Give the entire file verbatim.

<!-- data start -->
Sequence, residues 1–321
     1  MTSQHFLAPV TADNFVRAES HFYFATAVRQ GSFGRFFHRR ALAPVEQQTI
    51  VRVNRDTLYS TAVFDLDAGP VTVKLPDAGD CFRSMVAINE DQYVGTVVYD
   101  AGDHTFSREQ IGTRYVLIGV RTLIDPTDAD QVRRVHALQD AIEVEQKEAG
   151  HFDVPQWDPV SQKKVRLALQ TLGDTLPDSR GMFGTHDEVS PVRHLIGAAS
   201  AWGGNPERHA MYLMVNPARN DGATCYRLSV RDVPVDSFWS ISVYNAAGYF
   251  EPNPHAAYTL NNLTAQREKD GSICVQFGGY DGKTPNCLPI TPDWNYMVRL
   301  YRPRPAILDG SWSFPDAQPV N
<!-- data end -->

Sequence, residues 1–321
     1  MTSQHFLAPV TADNFVRAES HFYFATAVRQ GSFGRFFHRR ALAPVEQQTI
    51  VRVNRDTLYS TAVFDLDAGP VTVKLPDAGD CFRSMVAINE DQYVGTVVYD
   101  AGDHTFSREQ IGTRYVLIGV RTLIDPTDAD QVRRVHALQD AIEVEQKEAG
   151  HFDVPQWDPV SQKKVRLALQ TLGDTLPDSR GMFGTHDEVS PVRHLIGAAS
   201  AWGGNPERHA MYLMVNPARN DGATCYRLSV RDVPVDSFWS ISVYNAAGYF
   251  EPNPHAAYTL NNLTAQREKD GSICVQFGGY DGKTPNCLPI TPDWNYMVRL
   301  YRPRPAILDG SWSFPDAQPV N